The coming eclipse

(Photo of moon by Don Andrews/FreeRangeStock.com)

The conversation on NPR on Tuesday evening turned to the eclipse expected to occur Aug. 21, with the guest, an eye doctor, talking about the importance of protecting your eyes.

"Mommy," my daughter asked from the back seat of the car, "will I ever see an eclipse?"

"I don't know," I told her. I explained that an eclipse is coming in the next few weeks, but that where we live, it won't be a total eclipse, and because she'll be in school at the time, I also didn't know if the school would have a viewer for the children to use.

The first time I ever heard of an eclipse, I was in third grade. The school I attended had some viewers for students, but not enough for everyone. So as the eclipse occurred, only a few students got to go.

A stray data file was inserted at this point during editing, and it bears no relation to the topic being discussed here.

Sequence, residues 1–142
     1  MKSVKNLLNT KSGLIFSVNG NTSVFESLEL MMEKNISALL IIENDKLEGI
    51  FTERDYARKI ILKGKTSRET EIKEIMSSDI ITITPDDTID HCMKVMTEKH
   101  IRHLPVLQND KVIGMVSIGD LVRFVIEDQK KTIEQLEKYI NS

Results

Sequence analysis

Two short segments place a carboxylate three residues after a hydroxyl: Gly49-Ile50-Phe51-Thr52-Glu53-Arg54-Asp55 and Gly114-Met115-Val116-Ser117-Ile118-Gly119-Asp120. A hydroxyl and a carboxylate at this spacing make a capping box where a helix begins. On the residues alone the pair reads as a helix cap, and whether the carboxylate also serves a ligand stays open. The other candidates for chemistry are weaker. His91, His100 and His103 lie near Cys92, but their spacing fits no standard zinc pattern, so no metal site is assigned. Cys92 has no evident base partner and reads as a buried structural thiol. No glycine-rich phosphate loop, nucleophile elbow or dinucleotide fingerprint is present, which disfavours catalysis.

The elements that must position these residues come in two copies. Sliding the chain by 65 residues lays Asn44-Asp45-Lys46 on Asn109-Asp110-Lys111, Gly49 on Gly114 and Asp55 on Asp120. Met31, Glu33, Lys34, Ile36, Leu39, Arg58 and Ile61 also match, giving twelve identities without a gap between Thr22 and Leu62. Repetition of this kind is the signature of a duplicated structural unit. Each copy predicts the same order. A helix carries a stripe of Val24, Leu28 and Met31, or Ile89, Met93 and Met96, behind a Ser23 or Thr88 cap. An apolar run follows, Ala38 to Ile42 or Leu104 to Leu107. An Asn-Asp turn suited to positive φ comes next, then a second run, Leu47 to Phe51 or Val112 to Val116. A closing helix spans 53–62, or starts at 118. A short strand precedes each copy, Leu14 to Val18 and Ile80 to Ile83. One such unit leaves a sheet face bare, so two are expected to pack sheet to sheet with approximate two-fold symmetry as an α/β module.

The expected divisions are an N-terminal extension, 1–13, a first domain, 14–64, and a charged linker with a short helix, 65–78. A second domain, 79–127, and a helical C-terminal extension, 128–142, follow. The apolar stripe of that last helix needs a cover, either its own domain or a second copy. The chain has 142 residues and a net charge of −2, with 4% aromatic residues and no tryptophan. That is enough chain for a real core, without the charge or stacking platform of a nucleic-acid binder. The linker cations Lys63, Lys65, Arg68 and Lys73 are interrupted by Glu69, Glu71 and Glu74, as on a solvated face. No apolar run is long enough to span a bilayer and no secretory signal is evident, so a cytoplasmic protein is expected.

I remember feeling very frightened, not of the eclipse itself, but of the possibility of going blind. I envisioned the temptation to look up without the viewer being too great for me to resist, so when the teacher asked who would like to go look, I didn't raise my hand.

If only I fully understood at the time how rare they are.

However, the fear I felt as a third-grader that I'd burn my corneas never really went away completely. When my daughter asked if she'd ever see an eclipse, I was torn between hoping her school will have viewers for students and hoping they'd keep them all indoors with the window shades drawn so that none of them would be tempted to look at the eclipse without them.

To this day, the only eclipses I've ever seen were on YouTube or other online platforms. Perhaps that'll be good enough for my daughter and her first-grade class, too.

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